All Roads Lead to Austen: A Year-long Journey with Jane by Amy Elizabeth Smith

By Amy Elizabeth Smith

"An illuminating insight...fascinating."—Amanda Grange, bestselling writer of Mr. Darcy's Diary

"A trip via either a actual panorama and the geography of the human middle and mind...delightfully pleasing and sometimes deeply relocating, this booklet reminds us that Austen's world—and her characters—are a great deal alive."—Michael Thomas Ford, writer of Jane Bites Back


With a suitcase jam-packed with Jane Austen novels en español, Amy Elizabeth Smith trigger on a yearlong Latin American experience: a touring publication membership with Jane. In six targeted, unforgettable international locations, she accrued book-loving new friends— taxi drivers and academics, poets and politicians— to learn Emma, feel and Sensibility, and Pride and Prejudice.

Whether sharing hen beer with Guatemalans, becoming a member of the gang at a Mexican boxing fit, feeding a horde of tame iguanas with Ecuadorean little ones, or tangling with argumentative booksellers in Argentina, Amy got here to benefit what Austen knew all alongside: that we're now not constantly talking an identical language— even if we're talking an analogous language.

But with actual Austen intuition, she may possibly realize whilst, without notice, she'd discovered her personal Señor Darcy.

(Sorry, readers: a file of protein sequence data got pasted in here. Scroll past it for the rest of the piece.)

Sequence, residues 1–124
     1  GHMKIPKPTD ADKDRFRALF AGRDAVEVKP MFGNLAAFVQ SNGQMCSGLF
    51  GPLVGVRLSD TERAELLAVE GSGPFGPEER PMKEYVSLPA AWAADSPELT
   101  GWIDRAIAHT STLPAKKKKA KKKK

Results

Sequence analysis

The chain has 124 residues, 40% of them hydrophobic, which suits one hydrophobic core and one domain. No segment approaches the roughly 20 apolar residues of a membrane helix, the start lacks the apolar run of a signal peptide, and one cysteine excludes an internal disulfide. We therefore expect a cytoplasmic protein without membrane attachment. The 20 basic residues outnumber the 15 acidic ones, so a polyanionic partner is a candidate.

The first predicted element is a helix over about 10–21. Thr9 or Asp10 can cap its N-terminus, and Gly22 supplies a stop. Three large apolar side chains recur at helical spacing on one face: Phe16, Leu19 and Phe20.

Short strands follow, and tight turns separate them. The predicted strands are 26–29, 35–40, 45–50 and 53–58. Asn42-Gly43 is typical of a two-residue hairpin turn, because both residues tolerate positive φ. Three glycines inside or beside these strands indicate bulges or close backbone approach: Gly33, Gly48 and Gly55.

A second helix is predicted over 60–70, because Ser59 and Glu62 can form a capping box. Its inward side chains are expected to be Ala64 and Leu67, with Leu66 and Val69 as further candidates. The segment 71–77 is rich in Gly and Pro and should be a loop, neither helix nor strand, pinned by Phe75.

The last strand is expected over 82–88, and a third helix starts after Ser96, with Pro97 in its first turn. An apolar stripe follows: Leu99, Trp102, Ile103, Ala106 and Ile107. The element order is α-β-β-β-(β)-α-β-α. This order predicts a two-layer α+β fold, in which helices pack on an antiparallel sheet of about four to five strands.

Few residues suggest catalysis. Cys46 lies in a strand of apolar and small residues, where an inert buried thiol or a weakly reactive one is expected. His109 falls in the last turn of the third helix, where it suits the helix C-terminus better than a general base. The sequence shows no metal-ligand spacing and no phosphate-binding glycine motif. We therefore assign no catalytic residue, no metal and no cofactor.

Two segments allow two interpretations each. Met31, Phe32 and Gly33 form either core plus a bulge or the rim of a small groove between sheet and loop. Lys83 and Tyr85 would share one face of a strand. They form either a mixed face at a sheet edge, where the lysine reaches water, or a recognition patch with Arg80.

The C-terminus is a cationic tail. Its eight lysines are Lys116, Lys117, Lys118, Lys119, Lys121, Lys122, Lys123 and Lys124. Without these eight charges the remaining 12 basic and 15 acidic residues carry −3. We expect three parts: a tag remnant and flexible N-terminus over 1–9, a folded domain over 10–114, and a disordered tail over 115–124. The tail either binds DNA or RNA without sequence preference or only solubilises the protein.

All Roads result in Austen celebrates the easiest of what we adore approximately books and revels within the excitement of sharing a superb book— with reliable acquaintances.

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Their significance should be carefully highlighted because their admissions rarely ever obtained for them a lesser sentence, usually quite the contrary. In most cases only those deemed the most important leaders were taken to the city of Matanzas for imprisonment and further questioning. Once in Matanzas, the most heavily accused rebel conspirators were executed by firing squad, their bodies mutilated. The others were given prison sentences ranging from one to ten years. Those considered to be troublemakers but not as treacherous as the primary leaders were returned to their masters, with orders to be placed in the estate’s most taxing and onerous labors, or to work in shackles anywhere from six months to ten years.

Slaves had been traded for centuries across this entire region, but by the nineteenth century the implications of captivity and enslavement had long been transformed. The victims of warfare and raids could now be converted into saleable commodities as never before in the continent’s history. 48 The Middle Passage: The Drowned, the Disremembered, the Unimaginable n n Where are your monuments, your battles, martyrs? Where is your tribal memory? Sirs, in that gray vault. The sea. The sea has locked them up.

But very little could stand in the way when the zafra (harvest) arrived, least of all heat, sweat, and exhaustion. The zafra lasted six or seven months out of the year, generally beginning in December or January, sometimes as early as November. The reaping continued until May or June—“when the rains broke”—at which time pulling the canes, let alone the carts, up to the mill became impossible. But harvest labors tended to conclude slowly as the last of the cane stalks were cut, the final sugar stems ground, the last juices boiled and purged.

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